Here is a picture of a ball of pemmican:
[Notes by LKG]
This story is part of the Sioux unit. Story source: Myths and Legends of the Sioux by Marie McLaughlin (1916).
The Pemmican Man and Unktomi
As he appeared he had the misfortune to meet "Unktomi" (spider) with his hundreds of starving children. Upon seeing the fat, Unktomi and his large family at once attacked the man who, in order to save his life, started to run away, but so closely did Unktomi and his family pursue him that in order to make better time and also get a little better start, he threw off his head covering, which the Unktomi family hastily devoured and were again closing in upon him. He then threw off his cloak, and they devoured that and were close upon him again when he threw off his leggings. These were hastily eaten up and, as they drew near to a lake, the man threw off the kidney fat and, running to the edge of the lake, dived down into the water and kept beneath the surface, swimming to the opposite shore. After the Unktomi family had eaten the kidney fat they came to the water's edge, and the grease was floating on the surface of the water which they lapped up until there was not a grease spot left floating on the surface.
The small morsels had only sharpened their appetites and, as they saw the man sitting on the opposite shore, Unktomi and his family proceeded around the lake and came upon two men sitting on the shore. Unktomi saw that the other man was "Wakapapi" (pounded beef). The family surrounded the two and Unktomi ordered them to fight. Fearing Unktomi and his large family, they at once commenced to fight and Pounded Meat was soon killed. The hungry family at once fell to eating him. So busy were they that none noticed the fat man sneak off and disappear.
When they had finished the pounded beef man they looked around to fall upon the fat man, but nowhere could he be seen. Unktomi said, "I will track him and when I find him, I will return for you, so stay here and await my return."
He followed the fat man's tracks until farther east on the shore of the lake he found the fat man in the act of skinning a deer, which he had killed. (He had held on to his bow and arrows when he jumped into the lake). "My," said Unktomi, "this will make a fine meal for my hungry children. I will go after them, so hurry and cut the meat up into small pieces so they each can have a piece."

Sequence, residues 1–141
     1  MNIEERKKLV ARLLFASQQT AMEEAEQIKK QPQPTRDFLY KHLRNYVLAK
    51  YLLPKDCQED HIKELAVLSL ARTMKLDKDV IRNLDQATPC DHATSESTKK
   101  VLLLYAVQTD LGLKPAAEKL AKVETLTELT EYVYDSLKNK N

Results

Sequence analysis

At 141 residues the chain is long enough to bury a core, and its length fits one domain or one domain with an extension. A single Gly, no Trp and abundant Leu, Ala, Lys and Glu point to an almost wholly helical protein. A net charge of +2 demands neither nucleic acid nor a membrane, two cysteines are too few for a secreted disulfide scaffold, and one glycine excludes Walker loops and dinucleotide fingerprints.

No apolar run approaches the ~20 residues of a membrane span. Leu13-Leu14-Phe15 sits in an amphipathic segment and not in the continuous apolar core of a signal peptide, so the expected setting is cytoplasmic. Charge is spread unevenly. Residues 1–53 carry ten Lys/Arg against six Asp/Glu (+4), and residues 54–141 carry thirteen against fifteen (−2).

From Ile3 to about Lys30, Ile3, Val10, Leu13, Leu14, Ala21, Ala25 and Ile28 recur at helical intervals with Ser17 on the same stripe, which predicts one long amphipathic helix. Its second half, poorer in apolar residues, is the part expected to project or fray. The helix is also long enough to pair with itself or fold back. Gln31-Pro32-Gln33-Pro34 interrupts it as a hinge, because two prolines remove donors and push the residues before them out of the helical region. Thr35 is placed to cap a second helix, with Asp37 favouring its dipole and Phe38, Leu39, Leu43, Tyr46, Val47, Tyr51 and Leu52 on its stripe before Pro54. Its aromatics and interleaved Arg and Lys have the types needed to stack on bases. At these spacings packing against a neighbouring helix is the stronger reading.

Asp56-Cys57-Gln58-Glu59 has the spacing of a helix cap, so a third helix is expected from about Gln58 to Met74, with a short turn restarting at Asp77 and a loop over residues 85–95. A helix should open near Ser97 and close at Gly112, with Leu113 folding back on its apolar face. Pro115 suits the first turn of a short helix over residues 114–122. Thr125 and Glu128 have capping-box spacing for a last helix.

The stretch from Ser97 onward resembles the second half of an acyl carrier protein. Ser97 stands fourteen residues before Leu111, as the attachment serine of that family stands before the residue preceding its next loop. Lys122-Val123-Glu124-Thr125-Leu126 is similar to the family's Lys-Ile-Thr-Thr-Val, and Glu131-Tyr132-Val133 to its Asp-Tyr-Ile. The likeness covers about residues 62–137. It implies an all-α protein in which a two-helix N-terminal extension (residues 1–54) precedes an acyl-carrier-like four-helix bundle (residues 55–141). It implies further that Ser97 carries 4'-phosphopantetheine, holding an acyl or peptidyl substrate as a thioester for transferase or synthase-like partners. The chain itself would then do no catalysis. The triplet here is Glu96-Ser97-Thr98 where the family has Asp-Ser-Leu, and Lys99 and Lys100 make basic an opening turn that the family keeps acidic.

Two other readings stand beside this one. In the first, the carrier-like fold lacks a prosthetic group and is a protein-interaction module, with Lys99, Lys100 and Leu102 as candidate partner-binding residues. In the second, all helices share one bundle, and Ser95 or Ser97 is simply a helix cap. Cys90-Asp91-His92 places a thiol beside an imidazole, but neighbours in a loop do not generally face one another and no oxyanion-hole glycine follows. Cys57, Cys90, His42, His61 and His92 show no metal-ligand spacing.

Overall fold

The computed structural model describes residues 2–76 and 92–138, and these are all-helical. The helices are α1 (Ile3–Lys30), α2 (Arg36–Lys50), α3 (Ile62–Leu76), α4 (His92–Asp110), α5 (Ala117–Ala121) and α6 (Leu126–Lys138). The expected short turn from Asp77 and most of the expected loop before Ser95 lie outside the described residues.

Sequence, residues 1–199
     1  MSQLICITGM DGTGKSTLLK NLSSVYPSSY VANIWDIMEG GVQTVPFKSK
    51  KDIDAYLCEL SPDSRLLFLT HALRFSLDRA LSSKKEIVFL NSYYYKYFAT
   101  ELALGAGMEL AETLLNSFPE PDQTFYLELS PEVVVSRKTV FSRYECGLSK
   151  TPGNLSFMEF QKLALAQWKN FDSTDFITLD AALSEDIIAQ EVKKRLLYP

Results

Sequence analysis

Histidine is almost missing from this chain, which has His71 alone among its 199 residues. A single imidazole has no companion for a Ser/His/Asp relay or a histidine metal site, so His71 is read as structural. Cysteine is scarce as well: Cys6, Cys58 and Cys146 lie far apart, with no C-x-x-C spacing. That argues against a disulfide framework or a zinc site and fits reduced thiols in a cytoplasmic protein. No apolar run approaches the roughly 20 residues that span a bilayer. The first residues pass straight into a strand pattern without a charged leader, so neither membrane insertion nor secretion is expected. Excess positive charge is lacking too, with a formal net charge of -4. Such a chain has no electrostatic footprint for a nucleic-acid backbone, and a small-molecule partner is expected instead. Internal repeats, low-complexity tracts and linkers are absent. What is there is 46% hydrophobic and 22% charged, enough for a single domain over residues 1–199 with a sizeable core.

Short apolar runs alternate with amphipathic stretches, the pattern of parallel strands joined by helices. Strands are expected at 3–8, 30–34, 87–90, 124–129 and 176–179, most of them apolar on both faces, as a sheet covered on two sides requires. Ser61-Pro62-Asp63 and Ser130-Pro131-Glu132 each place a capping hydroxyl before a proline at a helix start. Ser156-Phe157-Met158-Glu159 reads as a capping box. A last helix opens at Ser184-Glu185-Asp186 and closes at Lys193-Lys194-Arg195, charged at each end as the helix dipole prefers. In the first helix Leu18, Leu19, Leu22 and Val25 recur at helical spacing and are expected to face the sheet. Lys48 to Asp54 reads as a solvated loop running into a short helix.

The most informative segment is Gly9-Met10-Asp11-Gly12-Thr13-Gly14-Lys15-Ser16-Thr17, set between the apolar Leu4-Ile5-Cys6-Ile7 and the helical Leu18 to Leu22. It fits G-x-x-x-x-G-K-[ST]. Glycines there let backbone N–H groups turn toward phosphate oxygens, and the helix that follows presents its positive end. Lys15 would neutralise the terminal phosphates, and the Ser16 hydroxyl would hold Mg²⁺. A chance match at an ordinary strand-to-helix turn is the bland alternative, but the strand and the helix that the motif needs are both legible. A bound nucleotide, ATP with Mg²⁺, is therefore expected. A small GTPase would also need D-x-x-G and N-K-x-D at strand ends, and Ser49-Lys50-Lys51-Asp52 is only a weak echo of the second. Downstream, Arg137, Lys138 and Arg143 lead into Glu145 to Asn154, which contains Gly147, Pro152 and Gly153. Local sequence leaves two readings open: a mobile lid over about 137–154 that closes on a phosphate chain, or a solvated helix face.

"All right, go ahead and get your family," said Fat Man. During Unktomi's absence, the fat man hurriedly cut the meat up into small pieces and carried them up into a tree that stood near to the shore. When he had carried it all up he threw sand and dirt upon the blood, and so left no trace of the deer.
On the arrival of Unktomi and his family, no signs of the fat man or the deer could be found. They wandered about the spot looking for tracks which might lead them to where the fat man had cached the meat, as Unktomi said he could not have carried it very far. Now the fat man was up in the tree and sat watching them. The reflection of the tree was in the water, and some of the children going close to the shore, discovered it as they looked at the reflection. The fat man cut a piece of meat and extending it towards them, drew back his hand and put the meat into his mouth.
"Come quick, Father; here he is eating the meat," said the children.
Unktomi came and, seeing the reflection, thought the fat man was down in the lake. "Wait, I will bring him up for you." So saying, he dived down but soon arose without anything. Again and again he tried, but could not reach the bottom.
He told the children to gather rocks for him. These he tied around his neck and body and dived down for the last time. The last the children saw of their father was the bubbles which arose to the surface of the lake. The rocks, being too heavy for him, held him fast to the bottom, and some hungry fish soon made a feast out of the body of poor Unktomi.